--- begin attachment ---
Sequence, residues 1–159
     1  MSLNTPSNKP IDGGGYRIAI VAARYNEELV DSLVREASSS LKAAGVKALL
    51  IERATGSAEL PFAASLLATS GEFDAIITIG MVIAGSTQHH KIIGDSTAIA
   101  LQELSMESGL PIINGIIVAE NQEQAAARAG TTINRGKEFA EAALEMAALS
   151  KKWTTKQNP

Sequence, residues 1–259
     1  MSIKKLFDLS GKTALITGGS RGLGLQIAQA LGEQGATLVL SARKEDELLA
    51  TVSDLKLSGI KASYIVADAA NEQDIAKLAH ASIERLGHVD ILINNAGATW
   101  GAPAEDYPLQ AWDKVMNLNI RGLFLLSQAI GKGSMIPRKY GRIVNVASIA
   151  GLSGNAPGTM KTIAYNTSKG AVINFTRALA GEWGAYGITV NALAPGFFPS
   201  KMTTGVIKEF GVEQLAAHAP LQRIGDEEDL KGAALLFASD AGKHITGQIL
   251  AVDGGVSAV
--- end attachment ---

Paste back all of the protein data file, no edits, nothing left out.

Sequence, residues 1–159
     1  MSLNTPSNKP IDGGGYRIAI VAARYNEELV DSLVREASSS LKAAGVKALL
    51  IERATGSAEL PFAASLLATS GEFDAIITIG MVIAGSTQHH KIIGDSTAIA
   101  LQELSMESGL PIINGIIVAE NQEQAAARAG TTINRGKEFA EAALEMAALS
   151  KKWTTKQNP

Sequence, residues 1–259
     1  MSIKKLFDLS GKTALITGGS RGLGLQIAQA LGEQGATLVL SARKEDELLA
    51  TVSDLKLSGI KASYIVADAA NEQDIAKLAH ASIERLGHVD ILINNAGATW
   101  GAPAEDYPLQ AWDKVMNLNI RGLFLLSQAI GKGSMIPRKY GRIVNVASIA
   151  GLSGNAPGTM KTIAYNTSKG AVINFTRALA GEWGAYGITV NALAPGFFPS
   201  KMTTGVIKEF GVEQLAAHAP LQRIGDEEDL KGAALLFASD AGKHITGQIL
   251  AVDGGVSAV